Healthcare Leadership Council

Quality, Competition, Innovation

The Healthcare Leadership Council (HLC), a coalition of chief executives from all disciplines within American healthcare, is the exclusive forum for the nation’s healthcare leaders to jointly develop policies, plans, and programs to achieve their vision of a 21st century system that makes affordable, high-quality care accessible to all Americans.

What's Happening in Healthcare

Capitol Hill Briefing Will Focus on Health Information Interoperability

Members of the Healthcare Leadership Council will share information on strides being made in the private sector to achieve health information interoperability at a Capitol Hill briefing next Monday, September 22.

The briefing will feature experts from athenahealth, Marshfield Clinic, McKesson and Surescripts and will take place in the Rayburn House Office Building from noon to 1 p.m.

It is necessary to RSVP in order to attend the briefing.  To RSVP, and for further information, contact Christopher Adamec at cadamec@hlc.org.


Harvard Researchers Confirm Cost, Quality Benefits of Medicare Advantage

What seniors have known for a decade, academics are confirming.  The common sense is that Medicare Advantage delivers high quality and value in healthcare.

  • Since its strengthening in the 2003 Medicare Modernization Act, the Medicare Advantage program has consistently won high marks from seniors.
  • Now, Harvard economists confirm that the MA program outperforms conventional Medicare.
  • Their research is reported in a recent Milbank Quarterly.  The article is titled “How Successful Is Medicare Advantage?”
  • Healthcare leaders have long pointed to Medicare Advantage’s not-so-secret sauce:  consumer choice and competition at the core of its model.

More Details »


Leaders from Multiple Health Sectors Identify Challenges in Accessing Federal Health Data to Improve Health, Healthcare

Report from Healthcare Leadership Council, Bipartisan Policy Center Underscores Importance of Data Access to Clinical Decision-making, Population Health, Health System Improvements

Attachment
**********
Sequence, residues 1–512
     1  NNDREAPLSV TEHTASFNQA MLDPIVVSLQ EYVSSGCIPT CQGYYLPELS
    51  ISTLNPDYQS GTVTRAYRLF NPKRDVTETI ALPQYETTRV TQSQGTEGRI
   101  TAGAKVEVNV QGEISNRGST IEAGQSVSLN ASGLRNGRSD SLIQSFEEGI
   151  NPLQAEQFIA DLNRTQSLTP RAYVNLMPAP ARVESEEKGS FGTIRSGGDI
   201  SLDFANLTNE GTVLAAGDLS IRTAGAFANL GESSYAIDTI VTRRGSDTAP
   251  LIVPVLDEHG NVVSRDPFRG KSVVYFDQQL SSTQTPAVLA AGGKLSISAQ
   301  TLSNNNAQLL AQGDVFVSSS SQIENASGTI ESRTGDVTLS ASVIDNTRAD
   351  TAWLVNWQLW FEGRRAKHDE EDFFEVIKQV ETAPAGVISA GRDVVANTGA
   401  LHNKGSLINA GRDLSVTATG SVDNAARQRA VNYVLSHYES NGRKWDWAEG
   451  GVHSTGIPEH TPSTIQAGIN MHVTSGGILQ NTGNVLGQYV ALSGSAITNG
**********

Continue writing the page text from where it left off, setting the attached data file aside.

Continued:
WASHINGTON – Healthcare leaders from multiple sectors believe government policymakers should move toward expanding access to federally-held health data in order to elevate population health, improve clinical and consumer decision-making and support improving delivery and payment system models designed to improve American healthcare, according to a report released today by the Healthcare Leadership Council (HLC) and the Bipartisan Policy Center (BPC).

The report summarizes the outcomes of an April 3 roundtable discussion hosted by HLC and BPC involving more than 35 leaders from academic and research institutions, hospitals and health systems, health plans, life sciences organizations and technology companies. Representatives from the Centers for Medicare and Medicaid Services, the National Institutes of Health, the Department of Veterans Affairs and the Patient-Centered Outcomes Research Institute participated as well. More Details »


Make Federal Health Data Sources More Broadly Available, Healthcare Leadership Council Advises Senators Wyden, Grassley

In Response to Senators’ Request for Counsel on Data Transparency,  HLC Sees Future in which Private, Public Sectors Share Digital Information

HLC president Mary R. Grealy testified on access to federal health data before the House Energy and Commerce health subcommittee.

WASHINGTON –  In response to a request from Senate Finance Committee Chairman Ron Wyden (D-OR) and Senator Chuck Grassley (R-IA), a committee member, for ideas on how to improve healthcare transparency, the Healthcare Leadership Council (HLC) has said improving the quality and accessibility of health data is essential to improve healthcare delivery while reducing health costs.

In a letter to the two senators, HLC president Mary R. Grealy wrote, “We see an opportunity to collectively work toward a future of better health and healthcare by improving accessibility and quality of health data to accelerate progress in medicines, improve the quality of care delivery, reduce costs and create other benefits that we cannot yet imagine.” More Details »